Johan Eberhard Ream was born on October 1687 in Leimen, Germany. After growing to manhood, he became a baker. On April 5, 1712, he married Anna Elizabeth Schwab, born October 10, 1692, the daughter of Jost Schwab, also a baker.
In order to have complete freedom to worship Almighty God after the dictates of his own conscience, and with an eye open to the promise of a richer life in the new world, Eberhard took his wife and their 2 children and moved to America late in the year 1717.
The minutes of the Board of Property of the Province of Pennsylvania dated February 24, 1724, state that Eberhard Ream of Conestoga requested a grant of 200 acres of land along a branch of Conestoga Creek, the land including an Indian settlement named Cocalico. It also stated that he had the Indians’ permission and that he could pay the purchase money.
In the summer of 1724, Eberhard moved his family which later grew to include 11 children, into this new country, inhabited only by a colony of Indians living along Cocalico Creek. Ream’s wagon load of furniture and household goods was halted under a large oak tree and under the spreading branches he pitched his tent. He lived there with his family until he cut trees and built a log cabin. Conjecture is that Eberhard chose this location because it was close to a good spring of water.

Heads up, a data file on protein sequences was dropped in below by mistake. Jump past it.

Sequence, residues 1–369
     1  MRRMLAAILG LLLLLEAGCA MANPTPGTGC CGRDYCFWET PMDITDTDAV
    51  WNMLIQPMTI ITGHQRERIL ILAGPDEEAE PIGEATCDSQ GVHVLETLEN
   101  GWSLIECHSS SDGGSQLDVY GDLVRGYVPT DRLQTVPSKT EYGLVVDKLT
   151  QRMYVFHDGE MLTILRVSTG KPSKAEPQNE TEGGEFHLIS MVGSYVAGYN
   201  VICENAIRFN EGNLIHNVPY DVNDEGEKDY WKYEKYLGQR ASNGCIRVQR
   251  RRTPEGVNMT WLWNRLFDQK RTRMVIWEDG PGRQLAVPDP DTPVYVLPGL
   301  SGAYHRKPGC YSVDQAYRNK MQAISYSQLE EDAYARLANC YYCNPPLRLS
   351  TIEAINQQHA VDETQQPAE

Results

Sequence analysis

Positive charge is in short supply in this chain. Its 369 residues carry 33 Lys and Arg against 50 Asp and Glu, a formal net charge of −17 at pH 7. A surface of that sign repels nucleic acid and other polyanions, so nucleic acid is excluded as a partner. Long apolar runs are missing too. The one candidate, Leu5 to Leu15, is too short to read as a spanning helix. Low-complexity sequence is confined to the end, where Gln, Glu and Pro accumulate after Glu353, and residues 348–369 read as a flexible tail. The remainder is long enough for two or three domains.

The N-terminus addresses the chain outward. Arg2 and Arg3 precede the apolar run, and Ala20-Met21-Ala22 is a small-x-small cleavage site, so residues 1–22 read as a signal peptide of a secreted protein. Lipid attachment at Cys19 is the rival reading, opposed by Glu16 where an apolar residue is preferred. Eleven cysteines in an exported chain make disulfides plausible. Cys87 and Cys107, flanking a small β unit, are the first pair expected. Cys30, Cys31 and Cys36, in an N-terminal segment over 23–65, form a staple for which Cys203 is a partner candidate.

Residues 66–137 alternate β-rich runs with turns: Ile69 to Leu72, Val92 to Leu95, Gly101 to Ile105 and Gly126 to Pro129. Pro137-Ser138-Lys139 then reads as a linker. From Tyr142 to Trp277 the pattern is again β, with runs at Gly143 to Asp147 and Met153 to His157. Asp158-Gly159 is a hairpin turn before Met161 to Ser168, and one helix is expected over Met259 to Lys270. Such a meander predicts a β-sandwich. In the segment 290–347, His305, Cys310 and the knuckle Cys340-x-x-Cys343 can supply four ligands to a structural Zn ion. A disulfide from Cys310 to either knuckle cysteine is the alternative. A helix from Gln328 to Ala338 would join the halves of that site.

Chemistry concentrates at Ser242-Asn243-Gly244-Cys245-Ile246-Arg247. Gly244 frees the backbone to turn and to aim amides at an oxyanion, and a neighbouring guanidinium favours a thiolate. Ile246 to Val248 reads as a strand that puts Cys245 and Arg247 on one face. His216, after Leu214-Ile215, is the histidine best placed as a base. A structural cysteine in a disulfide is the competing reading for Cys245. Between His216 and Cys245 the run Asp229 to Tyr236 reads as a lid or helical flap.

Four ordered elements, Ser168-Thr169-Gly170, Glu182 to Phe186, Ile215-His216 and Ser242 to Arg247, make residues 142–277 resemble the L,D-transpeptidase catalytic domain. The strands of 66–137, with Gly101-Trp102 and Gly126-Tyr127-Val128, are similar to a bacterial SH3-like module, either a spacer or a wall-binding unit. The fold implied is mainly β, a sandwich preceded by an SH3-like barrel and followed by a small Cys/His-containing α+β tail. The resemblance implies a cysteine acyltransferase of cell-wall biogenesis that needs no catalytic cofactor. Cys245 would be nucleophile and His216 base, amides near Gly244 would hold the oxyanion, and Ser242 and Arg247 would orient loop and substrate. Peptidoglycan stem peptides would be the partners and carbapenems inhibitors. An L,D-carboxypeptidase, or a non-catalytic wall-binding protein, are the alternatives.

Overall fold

For the first few years, the Ream family lived by themselves with their nearest neighbors residing 12 miles to the north along Mill Creek which is the present site of Newmanstown. The Indians along the Cocalico Creek were friendly and the Ream children grew up playing, hunting, and fishing with the Indian children.
The Reams were not a poor family for the old records show that Eberhard Ream was gradually acquiring more property. By the Autumn of 1750, he had already received patents for more than 900 acres of rich farm land adjoining his original homestead.
To be continued . . .
Adapted from the text of “Historical Sketch of Reamstown, Pennsylvania” published in 1952 by the Ream Family Association, Inc., of America.